Me! I’m a legend in my own mind. Actually, it’s a gay cozy mystery comedy series, meaning the setting is warm and cozy, the clues and murders (and laughs) come fast and furious, and there are enough plot twists and turns and a surprise ending to keep the pages turning “faster than a Super PAC buying a conservative politician.” At the center is the touching relationship between Noah and me. You watch us go from courting to marrying to adopting a child, all the while head over heels in love with each other. Reviewers called the series “hysterically funny farce,” “Murder She Wrote meets Hart to Hart meets The Hardy Boys,” and “captivating whodunits.” One reviewer wrote they are the funniest books she’s ever read! Another said Joe is “a master storyteller.” Who am I to argue? Even though I tell Joe everything to write.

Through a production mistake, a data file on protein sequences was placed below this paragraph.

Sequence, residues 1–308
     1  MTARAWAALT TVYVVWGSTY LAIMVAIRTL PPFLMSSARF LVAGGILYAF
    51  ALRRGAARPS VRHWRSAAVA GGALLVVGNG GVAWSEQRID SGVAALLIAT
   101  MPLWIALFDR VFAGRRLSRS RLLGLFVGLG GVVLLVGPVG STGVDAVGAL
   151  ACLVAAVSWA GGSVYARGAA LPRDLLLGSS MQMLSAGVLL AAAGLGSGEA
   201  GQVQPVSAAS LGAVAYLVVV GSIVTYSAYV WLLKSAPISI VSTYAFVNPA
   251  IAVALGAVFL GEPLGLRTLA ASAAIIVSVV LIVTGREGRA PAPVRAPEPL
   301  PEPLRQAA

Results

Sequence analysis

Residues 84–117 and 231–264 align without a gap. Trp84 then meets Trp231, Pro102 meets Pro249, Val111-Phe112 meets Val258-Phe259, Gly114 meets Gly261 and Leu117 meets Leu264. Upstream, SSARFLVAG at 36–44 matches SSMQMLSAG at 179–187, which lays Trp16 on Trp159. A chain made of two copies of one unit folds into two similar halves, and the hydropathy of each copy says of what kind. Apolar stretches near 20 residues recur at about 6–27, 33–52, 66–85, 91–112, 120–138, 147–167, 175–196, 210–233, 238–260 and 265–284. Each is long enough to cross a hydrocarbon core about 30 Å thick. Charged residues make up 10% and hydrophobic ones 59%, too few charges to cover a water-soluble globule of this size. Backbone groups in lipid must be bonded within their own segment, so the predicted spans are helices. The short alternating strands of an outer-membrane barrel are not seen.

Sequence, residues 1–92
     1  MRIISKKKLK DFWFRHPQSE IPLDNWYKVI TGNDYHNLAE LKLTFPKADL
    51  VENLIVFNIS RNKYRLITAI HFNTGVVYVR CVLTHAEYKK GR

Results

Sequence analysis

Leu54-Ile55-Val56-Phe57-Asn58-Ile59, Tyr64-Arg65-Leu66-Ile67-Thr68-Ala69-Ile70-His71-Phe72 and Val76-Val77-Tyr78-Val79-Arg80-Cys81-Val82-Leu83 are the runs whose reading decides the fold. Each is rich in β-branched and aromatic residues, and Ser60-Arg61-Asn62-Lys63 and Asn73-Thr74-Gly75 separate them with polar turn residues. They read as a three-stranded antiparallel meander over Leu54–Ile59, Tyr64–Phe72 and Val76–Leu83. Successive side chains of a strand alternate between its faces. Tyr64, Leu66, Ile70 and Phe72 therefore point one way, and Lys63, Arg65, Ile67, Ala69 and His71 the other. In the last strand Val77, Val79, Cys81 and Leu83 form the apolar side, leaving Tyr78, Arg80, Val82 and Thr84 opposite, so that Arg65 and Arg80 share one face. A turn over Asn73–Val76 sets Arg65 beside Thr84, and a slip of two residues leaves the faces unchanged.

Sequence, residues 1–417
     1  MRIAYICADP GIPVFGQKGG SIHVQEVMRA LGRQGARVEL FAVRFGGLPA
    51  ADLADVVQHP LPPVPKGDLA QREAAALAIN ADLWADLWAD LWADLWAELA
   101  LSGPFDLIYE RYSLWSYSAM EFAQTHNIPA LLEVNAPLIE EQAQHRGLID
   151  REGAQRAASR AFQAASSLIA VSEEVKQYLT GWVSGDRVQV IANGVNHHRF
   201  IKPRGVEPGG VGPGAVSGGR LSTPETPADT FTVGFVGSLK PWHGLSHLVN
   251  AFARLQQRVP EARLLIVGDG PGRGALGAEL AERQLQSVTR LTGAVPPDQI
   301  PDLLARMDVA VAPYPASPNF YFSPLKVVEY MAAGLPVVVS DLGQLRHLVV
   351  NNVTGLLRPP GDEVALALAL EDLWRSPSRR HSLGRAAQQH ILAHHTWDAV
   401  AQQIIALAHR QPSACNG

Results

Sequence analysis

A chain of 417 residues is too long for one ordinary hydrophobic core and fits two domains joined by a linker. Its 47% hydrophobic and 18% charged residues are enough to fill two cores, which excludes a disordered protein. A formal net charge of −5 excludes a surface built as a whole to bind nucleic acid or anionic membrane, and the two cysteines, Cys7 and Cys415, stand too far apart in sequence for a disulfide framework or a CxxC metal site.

How are the novels cozy?
Many of them take place in Vermont, a cozy state with green pastures, white church steeples, glowing lakes, and friendly and accepting people. Fictitious Treemeadow College (named after its gay founders, couple Tree and Meadow) is the perfect setting for a cozy mystery with its white Edwardian buildings, low white stone fences, lake and mountain views, and cherry wood offices with tall leather chairs and fireplaces.
Why do you think there aren’t many other gay cozy mystery series out there?
Most MM novels are erotica, young adult, dark thrillers, or supernatural. While that’s fine, I think we’re missing a whole spectrum of fiction. In the case of the Nicky and Noah mysteries, they include romance, humor, mystery, adventure, and quaint and loveable characters in uncanny situations. The settings are warm and cozy with lots of hot cocoa by the fireplace. The clues and red herrings are there for the perfect whodunit. So are the plot twists and turns and a surprise ending to keep the pages turning over “like an anti-gay politician in the back of a pick-up truck.” No matter what is thrown in my path, I always end up on top, which is just fine with Noah.
For anyone unfortunate enough not to have read them, tell us a bit about the first eleven novels in the series.
I’ll let Joe do that. He needs to be good for something. Take it away, Joe.